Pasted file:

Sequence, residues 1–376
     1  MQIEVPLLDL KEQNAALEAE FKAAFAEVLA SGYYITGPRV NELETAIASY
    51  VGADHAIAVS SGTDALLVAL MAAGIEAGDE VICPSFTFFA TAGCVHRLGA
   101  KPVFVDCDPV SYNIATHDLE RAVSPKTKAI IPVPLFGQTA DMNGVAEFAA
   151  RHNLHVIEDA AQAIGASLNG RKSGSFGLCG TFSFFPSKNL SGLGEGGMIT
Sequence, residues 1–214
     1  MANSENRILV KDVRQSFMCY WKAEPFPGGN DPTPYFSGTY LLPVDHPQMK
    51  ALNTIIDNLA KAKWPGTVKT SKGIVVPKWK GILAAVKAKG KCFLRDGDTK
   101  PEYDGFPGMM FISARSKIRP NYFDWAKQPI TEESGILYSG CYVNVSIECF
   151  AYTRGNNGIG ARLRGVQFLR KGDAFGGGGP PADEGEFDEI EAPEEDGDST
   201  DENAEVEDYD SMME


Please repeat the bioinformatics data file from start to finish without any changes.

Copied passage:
Sequence, residues 1–376
     1  MQIEVPLLDL KEQNAALEAE FKAAFAEVLA SGYYITGPRV NELETAIASY
    51  VGADHAIAVS SGTDALLVAL MAAGIEAGDE VICPSFTFFA TAGCVHRLGA
   101  KPVFVDCDPV SYNIATHDLE RAVSPKTKAI IPVPLFGQTA DMNGVAEFAA
   151  RHNLHVIEDA AQAIGASLNG RKSGSFGLCG TFSFFPSKNL SGLGEGGMIT
Sequence, residues 1–214
     1  MANSENRILV KDVRQSFMCY WKAEPFPGGN DPTPYFSGTY LLPVDHPQMK
    51  ALNTIIDNLA KAKWPGTVKT SKGIVVPKWK GILAAVKAKG KCFLRDGDTK
   101  PEYDGFPGMM FISARSKIRP NYFDWAKQPI TEESGILYSG CYVNVSIECF
   151  AYTRGNNGIG ARLRGVQFLR KGDAFGGGGP PADEGEFDEI EAPEEDGDST
   201  DENAEVEDYD SMME